HC Deb 21 August 1945 vol 413 cc467-8W
Lieut.-Colonel Price-White

asked the Secretary of State for War if he is aware that men of certain Army formations, as the result of being moved from C.M.F. to B.L.A. shortly before the victory in Europe, lost C.M.F. home leave of 28 days, and became entitled to nine days' B.L.A. leave only; that the majority of these men served throughout operations in the C.M.F. from their outset and, in many cases, throughout most of the African campaign before that; and if, in view of the dissatisfaction among the men concerned, he will take steps to ensure an equitable adjustment of the period of leave in all such cases.

Mr. Lawson

When these men were transferred to the B.L.A. it was necessary to provide for their leave under the B.L.A. scheme, which gives shorter periods of leave at more frequent intervals than in the C.M.F. In the aggregate, there is little difference between the amount of leave admissible under the two schemes. These particular men had an advantage, however, in that they were given at the outset a special allotment in the B.L.A. over and above that of the rest of the troops, and at approximately double the rate. The leave scale of the B.L.A. is now 11 days in this country, including travelling time.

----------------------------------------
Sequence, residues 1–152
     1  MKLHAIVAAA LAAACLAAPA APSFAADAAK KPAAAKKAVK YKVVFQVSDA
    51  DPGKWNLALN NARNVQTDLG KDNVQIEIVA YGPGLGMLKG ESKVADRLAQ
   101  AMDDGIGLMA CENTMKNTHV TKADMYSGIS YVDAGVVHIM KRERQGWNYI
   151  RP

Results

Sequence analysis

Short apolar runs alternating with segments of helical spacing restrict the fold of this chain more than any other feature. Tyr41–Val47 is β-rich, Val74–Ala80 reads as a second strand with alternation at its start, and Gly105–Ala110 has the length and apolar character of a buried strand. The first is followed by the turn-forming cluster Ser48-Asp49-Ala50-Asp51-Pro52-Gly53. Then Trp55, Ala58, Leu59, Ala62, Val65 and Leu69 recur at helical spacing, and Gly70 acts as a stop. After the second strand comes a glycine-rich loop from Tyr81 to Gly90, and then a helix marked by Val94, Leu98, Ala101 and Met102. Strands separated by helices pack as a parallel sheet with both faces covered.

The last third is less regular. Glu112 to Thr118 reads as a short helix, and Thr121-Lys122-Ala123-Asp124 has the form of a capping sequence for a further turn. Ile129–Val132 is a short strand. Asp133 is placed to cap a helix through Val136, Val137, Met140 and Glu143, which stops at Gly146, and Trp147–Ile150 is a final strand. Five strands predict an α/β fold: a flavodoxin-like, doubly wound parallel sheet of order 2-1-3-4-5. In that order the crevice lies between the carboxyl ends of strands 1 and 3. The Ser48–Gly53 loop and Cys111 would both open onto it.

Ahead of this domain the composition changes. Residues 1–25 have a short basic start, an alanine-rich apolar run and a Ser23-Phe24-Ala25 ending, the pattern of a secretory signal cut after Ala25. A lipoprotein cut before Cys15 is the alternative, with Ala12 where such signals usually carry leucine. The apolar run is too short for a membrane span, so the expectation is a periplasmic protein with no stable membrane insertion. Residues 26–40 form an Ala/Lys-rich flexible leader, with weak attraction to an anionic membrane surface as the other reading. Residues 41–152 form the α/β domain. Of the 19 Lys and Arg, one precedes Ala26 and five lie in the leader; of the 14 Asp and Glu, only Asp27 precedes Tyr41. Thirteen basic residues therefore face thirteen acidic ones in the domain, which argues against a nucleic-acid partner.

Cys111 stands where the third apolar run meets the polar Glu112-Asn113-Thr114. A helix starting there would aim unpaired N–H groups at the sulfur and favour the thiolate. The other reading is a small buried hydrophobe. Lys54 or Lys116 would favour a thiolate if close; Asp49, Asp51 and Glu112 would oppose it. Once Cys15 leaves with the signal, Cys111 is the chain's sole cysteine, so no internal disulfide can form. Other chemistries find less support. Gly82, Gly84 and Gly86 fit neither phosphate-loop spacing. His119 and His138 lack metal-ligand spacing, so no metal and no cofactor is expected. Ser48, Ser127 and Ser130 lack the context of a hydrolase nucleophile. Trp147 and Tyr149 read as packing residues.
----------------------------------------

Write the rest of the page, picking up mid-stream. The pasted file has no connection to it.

Mr. Bartlett

asked the Secretary of State for War what steps he proposes to take to give men in the C.M.F. facilities for leave approximating to those now in practice in the B.L.A.

Mr. Lawson

It is the policy to provide approximately equivalent facilities for leave to all troops in both these theatres. But availability of transport and time spent in travel are factors to be taken into account, and the two leave schemes cannot be identical. In general, the personnel from C.M.F. will receive longer periods of leave at less frequent intervals, though the aim is that they shall receive not less leave in the aggregate than troops in the B.L.A.

Forward to